Regulation of a heterodimeric kinesin-2 through an unprocessive motor domain that is turned processive by its partner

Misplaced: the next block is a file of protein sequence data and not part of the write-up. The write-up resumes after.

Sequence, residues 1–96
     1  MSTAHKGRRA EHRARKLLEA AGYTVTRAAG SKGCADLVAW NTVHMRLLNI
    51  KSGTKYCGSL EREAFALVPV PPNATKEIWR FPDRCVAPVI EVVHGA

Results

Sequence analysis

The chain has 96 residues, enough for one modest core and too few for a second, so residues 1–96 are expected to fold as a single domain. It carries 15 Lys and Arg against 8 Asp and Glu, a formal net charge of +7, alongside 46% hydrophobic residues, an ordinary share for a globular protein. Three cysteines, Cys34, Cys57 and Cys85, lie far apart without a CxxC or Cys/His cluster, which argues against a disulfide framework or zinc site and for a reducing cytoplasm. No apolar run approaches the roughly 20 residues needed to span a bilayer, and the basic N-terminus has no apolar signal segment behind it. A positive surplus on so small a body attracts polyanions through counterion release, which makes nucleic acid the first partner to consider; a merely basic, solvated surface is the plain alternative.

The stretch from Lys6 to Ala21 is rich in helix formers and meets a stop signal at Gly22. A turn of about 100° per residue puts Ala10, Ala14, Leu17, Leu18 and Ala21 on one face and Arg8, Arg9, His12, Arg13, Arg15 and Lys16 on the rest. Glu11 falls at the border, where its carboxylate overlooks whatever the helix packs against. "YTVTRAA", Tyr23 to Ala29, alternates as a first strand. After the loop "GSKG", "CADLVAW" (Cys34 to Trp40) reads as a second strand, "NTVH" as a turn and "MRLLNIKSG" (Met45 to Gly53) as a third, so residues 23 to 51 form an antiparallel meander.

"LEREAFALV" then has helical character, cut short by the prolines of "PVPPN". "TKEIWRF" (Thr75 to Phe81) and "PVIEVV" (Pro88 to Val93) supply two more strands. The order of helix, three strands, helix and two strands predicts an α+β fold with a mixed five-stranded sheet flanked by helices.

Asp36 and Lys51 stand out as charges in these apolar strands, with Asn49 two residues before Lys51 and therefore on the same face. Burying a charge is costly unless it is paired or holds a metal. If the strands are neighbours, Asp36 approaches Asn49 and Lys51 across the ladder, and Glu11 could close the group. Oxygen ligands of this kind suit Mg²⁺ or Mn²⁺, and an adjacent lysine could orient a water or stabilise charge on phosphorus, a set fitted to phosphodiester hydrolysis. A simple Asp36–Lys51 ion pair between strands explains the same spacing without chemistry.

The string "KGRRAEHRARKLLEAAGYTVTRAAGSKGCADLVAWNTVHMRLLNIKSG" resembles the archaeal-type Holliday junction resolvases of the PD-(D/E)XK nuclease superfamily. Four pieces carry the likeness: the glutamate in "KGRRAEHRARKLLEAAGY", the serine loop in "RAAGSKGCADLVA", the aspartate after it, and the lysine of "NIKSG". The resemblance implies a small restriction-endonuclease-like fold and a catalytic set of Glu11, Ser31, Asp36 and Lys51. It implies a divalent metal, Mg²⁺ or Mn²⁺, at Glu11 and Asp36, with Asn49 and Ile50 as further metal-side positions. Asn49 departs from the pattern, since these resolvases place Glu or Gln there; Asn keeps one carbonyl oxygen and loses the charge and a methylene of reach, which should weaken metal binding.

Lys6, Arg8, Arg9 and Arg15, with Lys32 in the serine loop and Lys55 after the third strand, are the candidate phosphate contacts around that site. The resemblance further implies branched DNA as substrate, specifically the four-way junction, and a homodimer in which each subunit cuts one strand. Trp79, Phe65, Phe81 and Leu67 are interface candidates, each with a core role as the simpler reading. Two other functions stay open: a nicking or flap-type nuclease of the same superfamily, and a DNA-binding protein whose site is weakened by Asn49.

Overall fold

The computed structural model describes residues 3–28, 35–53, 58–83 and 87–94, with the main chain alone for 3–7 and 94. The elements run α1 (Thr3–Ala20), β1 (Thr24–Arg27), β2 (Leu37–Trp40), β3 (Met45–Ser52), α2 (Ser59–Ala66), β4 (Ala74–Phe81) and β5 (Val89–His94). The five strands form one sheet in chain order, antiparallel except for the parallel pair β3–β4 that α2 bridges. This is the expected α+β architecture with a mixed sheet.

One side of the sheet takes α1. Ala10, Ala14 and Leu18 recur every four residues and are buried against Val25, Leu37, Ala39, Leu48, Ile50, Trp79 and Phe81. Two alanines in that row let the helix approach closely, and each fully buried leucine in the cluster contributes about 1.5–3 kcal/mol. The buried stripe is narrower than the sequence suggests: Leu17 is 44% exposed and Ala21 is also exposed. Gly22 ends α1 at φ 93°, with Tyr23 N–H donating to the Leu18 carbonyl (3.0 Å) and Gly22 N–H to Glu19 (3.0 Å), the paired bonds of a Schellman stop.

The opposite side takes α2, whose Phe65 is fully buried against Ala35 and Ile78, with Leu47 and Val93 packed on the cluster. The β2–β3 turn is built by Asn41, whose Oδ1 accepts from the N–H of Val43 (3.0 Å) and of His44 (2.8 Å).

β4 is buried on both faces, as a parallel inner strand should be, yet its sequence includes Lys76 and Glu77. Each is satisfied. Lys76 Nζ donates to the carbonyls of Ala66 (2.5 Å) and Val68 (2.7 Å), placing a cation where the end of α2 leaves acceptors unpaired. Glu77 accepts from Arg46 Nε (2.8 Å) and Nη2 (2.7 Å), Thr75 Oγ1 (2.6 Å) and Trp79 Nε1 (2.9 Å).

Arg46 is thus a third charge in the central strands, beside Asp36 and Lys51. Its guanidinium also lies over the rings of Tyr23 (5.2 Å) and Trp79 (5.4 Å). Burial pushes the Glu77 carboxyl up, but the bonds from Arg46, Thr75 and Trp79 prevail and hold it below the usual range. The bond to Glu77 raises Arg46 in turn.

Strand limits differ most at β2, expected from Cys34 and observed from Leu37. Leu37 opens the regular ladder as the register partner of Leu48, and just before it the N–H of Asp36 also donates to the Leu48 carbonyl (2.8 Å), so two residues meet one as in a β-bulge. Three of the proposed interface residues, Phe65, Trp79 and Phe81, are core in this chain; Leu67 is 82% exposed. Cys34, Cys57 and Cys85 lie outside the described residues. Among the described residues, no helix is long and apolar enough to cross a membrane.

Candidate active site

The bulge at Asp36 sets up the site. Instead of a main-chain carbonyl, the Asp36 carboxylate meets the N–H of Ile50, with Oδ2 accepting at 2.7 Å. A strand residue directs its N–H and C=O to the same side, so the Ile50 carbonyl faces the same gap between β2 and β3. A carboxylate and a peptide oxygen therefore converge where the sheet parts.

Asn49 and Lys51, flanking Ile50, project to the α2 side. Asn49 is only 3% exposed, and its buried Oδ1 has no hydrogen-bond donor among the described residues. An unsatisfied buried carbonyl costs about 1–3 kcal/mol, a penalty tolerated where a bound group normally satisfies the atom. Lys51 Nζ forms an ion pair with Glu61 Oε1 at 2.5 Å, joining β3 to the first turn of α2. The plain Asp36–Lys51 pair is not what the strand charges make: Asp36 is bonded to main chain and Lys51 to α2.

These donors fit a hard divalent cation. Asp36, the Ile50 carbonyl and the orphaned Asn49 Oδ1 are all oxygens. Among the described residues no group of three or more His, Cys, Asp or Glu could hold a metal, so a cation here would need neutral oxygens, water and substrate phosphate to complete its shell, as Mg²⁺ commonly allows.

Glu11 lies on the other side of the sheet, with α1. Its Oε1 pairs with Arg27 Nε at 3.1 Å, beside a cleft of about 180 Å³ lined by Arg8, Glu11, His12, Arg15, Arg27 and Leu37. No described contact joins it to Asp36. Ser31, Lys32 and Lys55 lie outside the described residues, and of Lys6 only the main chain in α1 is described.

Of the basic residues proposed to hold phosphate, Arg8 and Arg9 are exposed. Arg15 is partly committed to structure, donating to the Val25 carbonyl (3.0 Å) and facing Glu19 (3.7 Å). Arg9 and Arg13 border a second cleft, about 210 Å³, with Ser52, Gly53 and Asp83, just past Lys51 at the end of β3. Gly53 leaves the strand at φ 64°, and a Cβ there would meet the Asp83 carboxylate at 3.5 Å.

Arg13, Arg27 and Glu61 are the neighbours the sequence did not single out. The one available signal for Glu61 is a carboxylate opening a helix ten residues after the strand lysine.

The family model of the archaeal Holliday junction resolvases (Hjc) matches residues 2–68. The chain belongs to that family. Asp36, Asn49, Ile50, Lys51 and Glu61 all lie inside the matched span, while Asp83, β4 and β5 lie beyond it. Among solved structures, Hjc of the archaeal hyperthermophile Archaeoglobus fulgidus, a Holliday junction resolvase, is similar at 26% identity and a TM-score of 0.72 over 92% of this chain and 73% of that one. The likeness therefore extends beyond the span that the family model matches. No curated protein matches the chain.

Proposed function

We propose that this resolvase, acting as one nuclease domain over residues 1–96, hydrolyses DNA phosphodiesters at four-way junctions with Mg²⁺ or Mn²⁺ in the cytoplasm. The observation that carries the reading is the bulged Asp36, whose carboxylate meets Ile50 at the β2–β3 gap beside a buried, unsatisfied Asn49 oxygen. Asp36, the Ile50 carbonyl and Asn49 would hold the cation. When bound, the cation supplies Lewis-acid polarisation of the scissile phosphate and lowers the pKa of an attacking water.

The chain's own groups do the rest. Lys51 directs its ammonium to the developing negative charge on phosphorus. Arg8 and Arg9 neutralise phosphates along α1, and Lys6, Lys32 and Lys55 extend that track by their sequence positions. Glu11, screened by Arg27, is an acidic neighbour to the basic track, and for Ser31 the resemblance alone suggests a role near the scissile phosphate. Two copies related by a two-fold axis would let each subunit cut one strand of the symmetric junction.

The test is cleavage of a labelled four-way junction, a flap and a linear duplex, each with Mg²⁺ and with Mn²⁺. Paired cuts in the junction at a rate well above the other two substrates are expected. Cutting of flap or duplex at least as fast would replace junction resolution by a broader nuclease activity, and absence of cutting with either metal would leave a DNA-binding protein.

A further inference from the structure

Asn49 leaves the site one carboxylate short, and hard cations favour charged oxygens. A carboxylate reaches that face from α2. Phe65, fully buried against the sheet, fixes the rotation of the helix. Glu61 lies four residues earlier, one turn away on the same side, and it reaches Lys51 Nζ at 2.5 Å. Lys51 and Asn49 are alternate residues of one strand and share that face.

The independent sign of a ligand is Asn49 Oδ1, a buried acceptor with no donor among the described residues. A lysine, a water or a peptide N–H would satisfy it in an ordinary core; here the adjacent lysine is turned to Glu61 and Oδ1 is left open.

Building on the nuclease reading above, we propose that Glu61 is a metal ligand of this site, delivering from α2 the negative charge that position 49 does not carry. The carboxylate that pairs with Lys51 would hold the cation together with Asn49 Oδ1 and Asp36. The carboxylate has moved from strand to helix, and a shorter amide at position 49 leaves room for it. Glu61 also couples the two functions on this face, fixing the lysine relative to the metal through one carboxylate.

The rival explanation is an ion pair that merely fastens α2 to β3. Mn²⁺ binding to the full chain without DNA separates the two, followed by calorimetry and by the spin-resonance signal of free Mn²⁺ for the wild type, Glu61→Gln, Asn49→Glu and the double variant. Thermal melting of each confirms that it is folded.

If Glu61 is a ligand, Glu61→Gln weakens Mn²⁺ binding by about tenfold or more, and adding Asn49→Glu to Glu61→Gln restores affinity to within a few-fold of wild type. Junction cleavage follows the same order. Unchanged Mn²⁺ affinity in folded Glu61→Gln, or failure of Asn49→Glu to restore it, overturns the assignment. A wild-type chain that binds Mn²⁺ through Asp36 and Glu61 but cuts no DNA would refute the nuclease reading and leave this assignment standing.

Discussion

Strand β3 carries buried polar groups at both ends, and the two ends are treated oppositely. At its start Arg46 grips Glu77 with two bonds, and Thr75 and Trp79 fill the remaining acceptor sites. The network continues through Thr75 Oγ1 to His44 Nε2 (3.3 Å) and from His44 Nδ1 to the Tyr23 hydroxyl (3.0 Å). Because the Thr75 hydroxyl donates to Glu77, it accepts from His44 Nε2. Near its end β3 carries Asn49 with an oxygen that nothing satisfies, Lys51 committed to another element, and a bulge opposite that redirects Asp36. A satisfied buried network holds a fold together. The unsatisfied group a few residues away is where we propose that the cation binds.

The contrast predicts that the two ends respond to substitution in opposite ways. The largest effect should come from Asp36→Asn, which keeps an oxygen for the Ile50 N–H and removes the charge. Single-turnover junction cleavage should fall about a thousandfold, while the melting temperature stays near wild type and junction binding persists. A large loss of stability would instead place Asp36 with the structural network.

Speedy couriers in the cell. Every single one of our cells contains so-called motor proteins that transport important substances from one location to another. However, very little is known about how exactly these transport processes occur. Biophysicists at CIPSM have now succeeded in explaining fundamental functions of a particularly interesting motor protein. Motorized transport proteins are one of the keys to the development of higher organisms. It is they that enable the cell to transport important substances directly and quickly to a specific location in the cell. As bacteria cannot do this, they are not able to form larger cells or even large organisms with many cells. Particularly important are fast transport proteins in the primary cilia, the cell’s antennas, with which they channel information from the surroundings into the cell.